The NCAA Has Attempted To Make Major Rule Changes To College Basketball


So, the NCAA came out today and announced some major changes to the world of college basketball and I, uh, well, they are changes that almost worked.

Here’s probably the biggest change and it’s one that makes sense, but of course, there are some major questions involved. The NCAA is going to start letting players work with agents (a rule that is far too old). Here’s what they have to say:


I’ve talked about it before but it makes all the sense in the world for college basketball players to work with agents. They are typically dealing with more money than any 18 or 19 year old can imagine in a year and having someone they can work with during the time leading up to that is just helpful for the player. There was never a reason to not let agents in the game.

However, since it’s the NCAA, here’s the problem. It’s only ‘elite’ players. I have no idea what that means, but I’m going to petition my ass off that the NCAA lets PFT decide who is elite so it stays on brand. That’s going to get messy.

USA Basketball is going to define who is an elite senior prospect, but who within USA Basketball is deciding that? What happens if the player is an international prospect like Svi? He was well-known but not part of USA Basketball, how would that come into play here? Also, coaches are involved with USA Basketball, are we giving them the right to determine if their recruits are elite or not? That’s such a huge grey area and the one thing that’s preventing this from being the perfect rule. Just let every college basketball player work with an agent if they want to. What does it matter if the agents are all NCAA certified?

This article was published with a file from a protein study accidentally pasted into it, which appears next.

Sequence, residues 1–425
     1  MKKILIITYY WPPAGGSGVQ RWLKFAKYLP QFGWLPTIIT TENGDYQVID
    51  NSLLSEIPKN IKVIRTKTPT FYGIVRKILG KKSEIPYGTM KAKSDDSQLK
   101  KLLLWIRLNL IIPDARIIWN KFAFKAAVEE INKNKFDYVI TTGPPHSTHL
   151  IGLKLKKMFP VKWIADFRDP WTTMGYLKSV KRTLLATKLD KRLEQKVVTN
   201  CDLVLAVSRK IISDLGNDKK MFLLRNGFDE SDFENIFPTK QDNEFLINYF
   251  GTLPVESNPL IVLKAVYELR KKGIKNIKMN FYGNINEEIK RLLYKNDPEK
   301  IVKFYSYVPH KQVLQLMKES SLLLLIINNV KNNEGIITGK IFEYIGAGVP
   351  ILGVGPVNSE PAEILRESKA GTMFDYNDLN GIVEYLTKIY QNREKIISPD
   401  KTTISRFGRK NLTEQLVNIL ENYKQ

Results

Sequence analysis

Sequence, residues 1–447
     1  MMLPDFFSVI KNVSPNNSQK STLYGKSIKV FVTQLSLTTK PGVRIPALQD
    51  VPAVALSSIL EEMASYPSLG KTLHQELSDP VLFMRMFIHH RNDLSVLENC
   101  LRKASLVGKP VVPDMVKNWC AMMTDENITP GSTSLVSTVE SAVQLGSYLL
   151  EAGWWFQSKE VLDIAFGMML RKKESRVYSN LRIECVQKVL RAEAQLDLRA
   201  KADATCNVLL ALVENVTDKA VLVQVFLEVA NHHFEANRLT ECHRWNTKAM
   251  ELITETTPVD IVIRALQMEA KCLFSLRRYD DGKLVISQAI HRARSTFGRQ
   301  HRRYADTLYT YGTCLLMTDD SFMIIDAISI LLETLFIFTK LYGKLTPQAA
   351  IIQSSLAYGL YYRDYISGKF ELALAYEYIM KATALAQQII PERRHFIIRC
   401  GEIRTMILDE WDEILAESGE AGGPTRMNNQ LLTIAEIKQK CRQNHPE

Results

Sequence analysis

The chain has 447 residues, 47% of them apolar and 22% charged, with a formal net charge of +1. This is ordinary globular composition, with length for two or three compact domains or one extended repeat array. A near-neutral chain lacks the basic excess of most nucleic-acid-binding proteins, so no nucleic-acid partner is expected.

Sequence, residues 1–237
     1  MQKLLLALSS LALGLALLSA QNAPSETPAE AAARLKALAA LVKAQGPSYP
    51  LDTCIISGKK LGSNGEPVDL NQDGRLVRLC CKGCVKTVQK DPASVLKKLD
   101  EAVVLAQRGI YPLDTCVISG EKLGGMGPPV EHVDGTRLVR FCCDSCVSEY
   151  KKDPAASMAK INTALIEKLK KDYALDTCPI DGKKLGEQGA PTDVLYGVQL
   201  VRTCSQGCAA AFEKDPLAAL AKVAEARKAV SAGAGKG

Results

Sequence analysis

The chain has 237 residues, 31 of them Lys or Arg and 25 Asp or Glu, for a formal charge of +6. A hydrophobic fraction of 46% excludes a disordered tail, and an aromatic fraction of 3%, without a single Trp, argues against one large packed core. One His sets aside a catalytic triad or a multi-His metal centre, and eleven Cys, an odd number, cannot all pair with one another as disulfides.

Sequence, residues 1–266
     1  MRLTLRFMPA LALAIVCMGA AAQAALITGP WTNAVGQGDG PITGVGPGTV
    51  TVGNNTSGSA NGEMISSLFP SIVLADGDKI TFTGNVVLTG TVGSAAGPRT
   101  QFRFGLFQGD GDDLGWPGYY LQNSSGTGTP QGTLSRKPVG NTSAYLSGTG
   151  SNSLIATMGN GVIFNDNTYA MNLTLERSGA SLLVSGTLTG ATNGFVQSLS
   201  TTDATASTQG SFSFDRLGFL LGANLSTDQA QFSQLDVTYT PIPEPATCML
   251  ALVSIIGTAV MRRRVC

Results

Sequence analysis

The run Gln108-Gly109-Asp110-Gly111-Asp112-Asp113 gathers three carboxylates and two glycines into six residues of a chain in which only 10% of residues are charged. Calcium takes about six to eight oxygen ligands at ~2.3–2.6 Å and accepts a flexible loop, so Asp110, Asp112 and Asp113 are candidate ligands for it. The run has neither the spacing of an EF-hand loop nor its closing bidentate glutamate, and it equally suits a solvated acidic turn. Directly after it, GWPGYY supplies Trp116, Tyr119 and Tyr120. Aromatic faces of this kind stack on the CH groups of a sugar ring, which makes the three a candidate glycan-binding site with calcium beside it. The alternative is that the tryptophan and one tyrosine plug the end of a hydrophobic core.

The second thing that people are noticing right away and talking about is the NBA Draft flexibility. Here’s what the NCAA says:


The biggest thing here is the fact that undrafted college players can return back to college as long as they notify the college the Monday following the draft. Now, this is still up in the air as the NBA/NBPA needs to make a rule change and it will be interesting to see what sort of loophole they build in because we’ve seen the rise of undrafted free agents getting 2-way contracts and teams taking chances on those guys. That said, I do like this rule assuming it comes back as stated. I have no problem with a player going through the Draft process, the entire way through. The extra couple of weeks aren’t going to kill a program waiting to see if a player comes back or not plus the extra few days following the Draft lets the player get enough info about 2-way deals or an overseas deal. That’s the important thing here for me, letting the player make an informed decision after all the facts are out. One question I do have is, what happens if a kid wants to come back to school but all the scholarships are used up? Does he have to become a walk on now? Will the school move someone else to a walk on? There’s a lot to be addressed here still.

Another major part of the change: